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Viola Coat of Arms / Viola Family Crest

Viola Coat of Arms / Viola Family Crest

This surname of VIOLA was an Italian and Spanish female medieval given name, originally an affectionate nickname, rendered in ancient documents in the Latin form VIOLA. It was also an occupational name for a player of the musical instrument the VIOLA. The name is also spelt VIOLI, LA VIOLA, VIOLLE, VIOLETTA, LIOLINA, VIOLINI and VIOLLEAU. In the form VIOLET, the best known of the flower names, it is famous as the name of the heroine of Verdi's opera 'La Traviata'. Many of the modern family names throughout Europe reflect the profession or occupation of their forbears in the Middle Ages and derive from the position held by their ancestors in the village, noble household or religious community in which they lived and worked. The addition of their profession to their birth name made it easier to identify individual tradesmen and craftsmen. As generations passed and families moved around, so the original identifying names developed into the corrupted but simpler versions that we recognise today. A notable member of the name was Eugene Emmanuel VIOLLET-LE-DUC (1814-79) the French architect and archaeologist, born in Paris. In 1840 he became director of the restoration of the Saine Chapelle in Paris, and from then on was the great restorer of ancient buildings in France, including the cathedrals of Notre Dame in Paris, Amiens, Lyon and the Chateau de Pierrefonds. He served as engineer in the defence of Paris, and was an advanced republican politician. It was not until the 10th century that modern hereditary surnames first developed, and the use of fixed names spread, first to France, and then England, then to Germany and all of Europe. In these parts of Europe, the individual man was becoming more important, commerce was increasing and the exact identification of each man was becoming a necessity. Even today however, the Church does not recognise surnames. Baptisms and marriages are performed through use of the Christian name alone. Thus hereditary names as we know them today developed gradually during the 11th to the 15th century in the various European countries.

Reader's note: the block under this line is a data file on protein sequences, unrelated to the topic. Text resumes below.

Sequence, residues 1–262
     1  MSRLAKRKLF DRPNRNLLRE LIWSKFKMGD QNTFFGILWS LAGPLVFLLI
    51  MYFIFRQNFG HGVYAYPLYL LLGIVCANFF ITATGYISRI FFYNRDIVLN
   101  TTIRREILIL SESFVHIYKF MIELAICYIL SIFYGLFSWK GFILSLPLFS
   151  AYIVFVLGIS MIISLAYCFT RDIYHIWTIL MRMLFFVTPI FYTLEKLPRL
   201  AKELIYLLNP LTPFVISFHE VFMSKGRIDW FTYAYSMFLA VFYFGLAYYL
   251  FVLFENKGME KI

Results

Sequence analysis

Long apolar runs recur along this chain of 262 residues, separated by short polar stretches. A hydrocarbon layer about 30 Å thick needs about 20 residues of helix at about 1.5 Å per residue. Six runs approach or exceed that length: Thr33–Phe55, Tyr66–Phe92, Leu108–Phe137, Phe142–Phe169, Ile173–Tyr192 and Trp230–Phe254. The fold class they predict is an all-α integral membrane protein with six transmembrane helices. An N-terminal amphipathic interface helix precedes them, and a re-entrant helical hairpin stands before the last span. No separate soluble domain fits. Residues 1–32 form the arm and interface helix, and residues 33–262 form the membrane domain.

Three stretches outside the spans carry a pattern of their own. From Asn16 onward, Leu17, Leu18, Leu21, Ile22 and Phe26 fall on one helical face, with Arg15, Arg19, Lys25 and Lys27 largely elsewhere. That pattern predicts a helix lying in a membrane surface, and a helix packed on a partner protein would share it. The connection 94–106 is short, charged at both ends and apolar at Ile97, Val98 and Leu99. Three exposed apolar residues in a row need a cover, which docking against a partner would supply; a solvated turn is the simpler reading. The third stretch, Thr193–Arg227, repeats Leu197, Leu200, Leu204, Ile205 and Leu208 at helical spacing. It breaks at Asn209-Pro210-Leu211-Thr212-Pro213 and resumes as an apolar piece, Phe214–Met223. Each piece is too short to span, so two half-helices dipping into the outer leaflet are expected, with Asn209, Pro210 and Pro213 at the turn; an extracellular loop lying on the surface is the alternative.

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Last Updated: May 9, 2020

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